Hutchinson latest in GOP field to stake position on candidate-dividing entitlement reform

Staking a position on entitlement reform is a careful proposition for a candidate, with the issue frequently being called the "third rail of politics."

Published: July 23, 2023 11:13pm

Updated: July 25, 2023 12:13pm

Former Arkansas Gov. Asa Hutchinson says if elected president he will look at "long-term fixes" to keep Medicare and Social Security from going broke – becoming one of the latest in the GOP presidential field to stake out his position on the divisive issue of entitlement reform.  

Both programs face tens of trillions of future promised benefits known as "unfunded liabilities." 

Hutchinson more specifically wants to create a commission to study the matter, which he said earlier this month in Washington, D.C. is "very similar to what President Reagan did in 1982 with [economist] Alan Greenspan that sustained the life of Social Security and Medicare for decades."  

According to the Senate Budget Committee, the Office of the Actuary for the Centers for Medicare and Medicaid Services has "calculated that the unfunded obligations for Medicare now will total $38 trillion over the next 75 years."

The committee also noted that Social Security Trustees have projected that the unfunded obligations for Social Security "will total $7 trillion over the next 75 years."

Medicare's hospital insurance trust fund will be depleted by 2031, according to the latest trustees report. The trustees reported that the Old-Age and Survivors Insurance Trust Fund, which funds Social Security benefits, "will be able to pay 100 percent of total scheduled benefits until 2033."

In July 2022, former Wyoming GOP Sen. Alan Simpson, co-chair of the 2010 National Commission on Fiscal Responsibility and Reform, warned both parties about delaying entitlement reform.

"The Social Security system cannot sustain itself and will drop down 23%, and the Medicare Trust Fund will begin to take some heavy hits in 2026," he said. "And you won't find anybody of either party talking about it because it's very hazardous."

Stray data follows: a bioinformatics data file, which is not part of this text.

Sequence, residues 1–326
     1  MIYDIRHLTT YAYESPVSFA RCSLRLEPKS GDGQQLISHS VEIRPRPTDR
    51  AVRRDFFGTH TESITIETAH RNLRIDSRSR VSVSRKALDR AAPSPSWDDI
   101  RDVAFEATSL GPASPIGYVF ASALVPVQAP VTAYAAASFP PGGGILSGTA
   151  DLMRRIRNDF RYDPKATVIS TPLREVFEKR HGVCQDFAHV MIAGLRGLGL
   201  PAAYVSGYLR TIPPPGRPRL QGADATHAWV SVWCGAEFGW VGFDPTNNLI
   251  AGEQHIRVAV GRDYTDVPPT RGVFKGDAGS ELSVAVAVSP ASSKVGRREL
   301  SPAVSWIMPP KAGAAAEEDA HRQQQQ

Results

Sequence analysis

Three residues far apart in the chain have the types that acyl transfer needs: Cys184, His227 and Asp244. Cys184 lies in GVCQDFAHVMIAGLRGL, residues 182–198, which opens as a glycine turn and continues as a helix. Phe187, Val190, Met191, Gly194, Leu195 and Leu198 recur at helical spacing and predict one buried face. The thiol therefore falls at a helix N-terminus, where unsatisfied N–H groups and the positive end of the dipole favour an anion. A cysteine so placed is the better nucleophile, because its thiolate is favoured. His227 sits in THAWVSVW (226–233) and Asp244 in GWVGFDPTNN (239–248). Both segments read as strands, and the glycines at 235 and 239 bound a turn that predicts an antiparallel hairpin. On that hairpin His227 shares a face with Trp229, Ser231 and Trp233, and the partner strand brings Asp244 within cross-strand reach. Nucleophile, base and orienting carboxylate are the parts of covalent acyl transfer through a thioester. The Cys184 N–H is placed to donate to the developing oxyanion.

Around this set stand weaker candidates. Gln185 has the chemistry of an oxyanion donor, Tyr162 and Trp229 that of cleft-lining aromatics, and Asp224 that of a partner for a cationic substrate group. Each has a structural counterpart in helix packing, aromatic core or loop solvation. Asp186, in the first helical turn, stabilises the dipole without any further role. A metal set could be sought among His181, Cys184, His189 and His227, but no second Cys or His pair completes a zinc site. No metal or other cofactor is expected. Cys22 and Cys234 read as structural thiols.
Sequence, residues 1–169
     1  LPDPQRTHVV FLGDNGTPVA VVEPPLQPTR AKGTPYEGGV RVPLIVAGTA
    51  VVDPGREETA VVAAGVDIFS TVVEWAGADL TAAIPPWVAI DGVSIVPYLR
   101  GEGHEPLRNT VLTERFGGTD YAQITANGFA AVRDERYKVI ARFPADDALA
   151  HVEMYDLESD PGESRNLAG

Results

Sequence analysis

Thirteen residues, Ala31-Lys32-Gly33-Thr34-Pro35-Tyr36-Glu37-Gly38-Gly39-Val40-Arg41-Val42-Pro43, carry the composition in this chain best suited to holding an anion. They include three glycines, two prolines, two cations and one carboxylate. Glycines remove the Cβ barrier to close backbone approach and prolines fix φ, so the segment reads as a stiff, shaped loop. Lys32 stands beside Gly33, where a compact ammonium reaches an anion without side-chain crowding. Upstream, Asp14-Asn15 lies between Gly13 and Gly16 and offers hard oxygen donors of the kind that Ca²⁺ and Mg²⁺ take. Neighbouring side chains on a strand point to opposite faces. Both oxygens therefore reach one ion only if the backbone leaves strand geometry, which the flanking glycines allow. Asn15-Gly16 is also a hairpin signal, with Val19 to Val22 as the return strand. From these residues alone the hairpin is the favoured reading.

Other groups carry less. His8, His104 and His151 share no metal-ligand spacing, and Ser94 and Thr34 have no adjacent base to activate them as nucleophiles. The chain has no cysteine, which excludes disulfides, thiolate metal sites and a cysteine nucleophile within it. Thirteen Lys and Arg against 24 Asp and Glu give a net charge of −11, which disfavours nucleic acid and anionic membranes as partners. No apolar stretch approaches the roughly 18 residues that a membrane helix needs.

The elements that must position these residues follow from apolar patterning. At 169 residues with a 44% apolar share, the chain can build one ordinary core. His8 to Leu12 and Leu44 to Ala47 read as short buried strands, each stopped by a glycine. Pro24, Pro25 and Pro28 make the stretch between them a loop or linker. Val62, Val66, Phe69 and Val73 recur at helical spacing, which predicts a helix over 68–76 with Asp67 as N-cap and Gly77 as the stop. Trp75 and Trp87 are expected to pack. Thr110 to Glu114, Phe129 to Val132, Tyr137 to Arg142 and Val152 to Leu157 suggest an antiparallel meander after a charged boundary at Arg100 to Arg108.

The issue came into full view when GOP lawmakers and the White House faced off over how to address the ballooning federal debt, agreeing to a plan in June that raised the debt ceiling and placed limits of future domestic federal spending. 

President Biden set the negotiation stage by taking Social Security and Medicare off the table, then targeting a plan by Florida GOP Sen. Rick Scott of Florida that called for the sunset of all federal legislation after five years unless Congress acts. Scott since revised the plan to exclude the two programs, according to CBS News

Also, as debt ceiling negotiations were in the early stages, House Speaker Kevin McCarthy said Republicans would not touch Social Security and Medicare.

Now, among the 2024 GOP presidential candidates, front-runner former President Trump has already attacked the past positions of his closest rival – Florida Gov. Ron DeSantis.

In several Truth Social posts, he claims DeSantis wants to cut Social Security and Medicare, posting in one: "HE IS A WHEELCHAIR OVER THE CLIFF KIND OF GUY, JUST LIKE HIS HERO, failed politician Paul Ryan."

DeSantis previously voted for budget proposals as a member of Congress in 2013, 2014 and 2015 that would raise the retirement age for Social Security and establish a bipartisan commission to look at any further reforms to the program. 

Still, Trump has more recently said he and others have to put Social Security and Medicare "on the table in the long term."

Former Vice President Mike Pence in kicking off his campaign in Iowa last month said that if growing entitlement program costs are not addressed, it could “crush the future of the American economy and opportunities for our children.” And he declined to rule out raising the retirement age for eligibility, according to Yahoo News.

Another candidate, former United Nations Ambassador Nikki Haley, has also signaled support for reform.

"Should we reform those entitlements? Yes, but should we take anything from people who have already been promised? No," Haley told NBC News in an interview soon after announcing her candidacy in February. 

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